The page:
As a video game reviewer with a big presence on social media, Alanah Pearce is used to all sorts of comments from her fans.
But when some of her followers began leaving vile, disturbing online messages — including threats of sexual assault — she complained to a higher authority: their mothers.
Pearce, who lives in Brisbane, Australia, always assumed adult men were the ones leaving the sexually explicit comments on her Facebook page. But when she took a closer look at the offenders’ profile pictures and ages listed on their social media accounts, she realized that they were all actually young boys.
“I suppose it’s a little sad in a way, but I’ve become quite desensitized to it all, where things like rape threats tend to make me feel a little ill or disgusted, but I learned a long time ago not to let these things affect me as soon as I step away from the computer,” Pearce, 21, told TODAY Parents.
She receives about five such sickening messages a month, a tiny fraction of all the comments left on her sites, she estimates.
Still, Pearce didn’t want to just ignore the threats or reply to them, so she decided the best approach would be to tell the boys’ mothers.
Pearce discovered it was very easy to find the women’s contact information, either because they were listed under “family” or were tagged in various profile pictures, with comments referencing their relationship, she said.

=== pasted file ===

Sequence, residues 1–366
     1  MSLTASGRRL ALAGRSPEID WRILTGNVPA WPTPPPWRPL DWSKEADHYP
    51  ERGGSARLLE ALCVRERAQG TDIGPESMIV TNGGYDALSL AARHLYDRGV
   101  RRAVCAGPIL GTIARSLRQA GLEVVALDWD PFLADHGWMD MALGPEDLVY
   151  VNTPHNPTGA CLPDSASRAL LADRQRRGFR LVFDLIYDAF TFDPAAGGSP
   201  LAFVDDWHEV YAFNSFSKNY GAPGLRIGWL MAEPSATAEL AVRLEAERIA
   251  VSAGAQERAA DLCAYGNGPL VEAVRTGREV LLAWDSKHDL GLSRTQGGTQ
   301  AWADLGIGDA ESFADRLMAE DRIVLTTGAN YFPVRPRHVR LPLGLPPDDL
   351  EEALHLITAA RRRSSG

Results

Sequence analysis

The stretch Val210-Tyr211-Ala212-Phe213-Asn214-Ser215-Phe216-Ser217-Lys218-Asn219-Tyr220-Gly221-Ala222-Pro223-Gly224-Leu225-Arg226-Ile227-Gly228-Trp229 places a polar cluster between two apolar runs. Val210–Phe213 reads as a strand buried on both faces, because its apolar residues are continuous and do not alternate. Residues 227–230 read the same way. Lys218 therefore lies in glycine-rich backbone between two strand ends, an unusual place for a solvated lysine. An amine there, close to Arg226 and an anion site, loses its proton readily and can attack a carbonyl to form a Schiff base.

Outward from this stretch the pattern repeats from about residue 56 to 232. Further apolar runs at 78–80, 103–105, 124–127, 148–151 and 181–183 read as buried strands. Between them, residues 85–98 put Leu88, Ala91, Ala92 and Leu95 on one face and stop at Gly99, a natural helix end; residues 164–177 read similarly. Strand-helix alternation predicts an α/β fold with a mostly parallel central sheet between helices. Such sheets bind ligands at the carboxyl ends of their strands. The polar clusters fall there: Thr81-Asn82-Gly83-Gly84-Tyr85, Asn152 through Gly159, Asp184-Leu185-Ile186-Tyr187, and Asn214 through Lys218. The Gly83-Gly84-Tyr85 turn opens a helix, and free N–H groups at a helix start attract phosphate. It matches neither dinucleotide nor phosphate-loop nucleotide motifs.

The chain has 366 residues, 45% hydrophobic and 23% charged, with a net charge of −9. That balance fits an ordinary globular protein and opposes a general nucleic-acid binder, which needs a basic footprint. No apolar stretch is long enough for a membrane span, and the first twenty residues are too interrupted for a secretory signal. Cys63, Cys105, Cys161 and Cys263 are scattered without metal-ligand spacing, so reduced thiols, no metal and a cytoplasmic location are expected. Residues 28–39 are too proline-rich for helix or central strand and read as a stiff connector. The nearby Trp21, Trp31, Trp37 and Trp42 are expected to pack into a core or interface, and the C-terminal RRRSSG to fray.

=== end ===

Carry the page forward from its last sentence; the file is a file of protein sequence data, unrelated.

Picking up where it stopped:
So Pearce reached out to four moms, forwarding the offensive comments and asking the women if they would be interested in discussing them with their sons. One of the moms has replied so far, telling Pearce she was “so sorry” and promising she would talk to her son (after responding with a shocked “omg little sh*t”).
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A screen grab of the online conversation, which Pearce posted on her Twitter page last week, has been retweeted more than 40,000 times.
Pearce said she’ll keep contacting the families and perhaps even schools of the boys who leave threatening messages. Parents need to remind kids that the things they say online can and do have real world consequences, and everything can be recorded, she added.
“I think the biggest issue with children effectively being ‘raised’ by social media is that they don’t realize the people they talk to are real people,” Pearce said.
“The Internet de-humanizes people, and you may not be familiar with someone’s mental health at the time, or their circumstances, so effectively invading the safety of their homes via the Internet is far too easy to do.”
Disturbingly, Pearce has received more threats from strangers since speaking out about the problem, she said. But she’s happy most of the feedback has been overwhelmingly positive.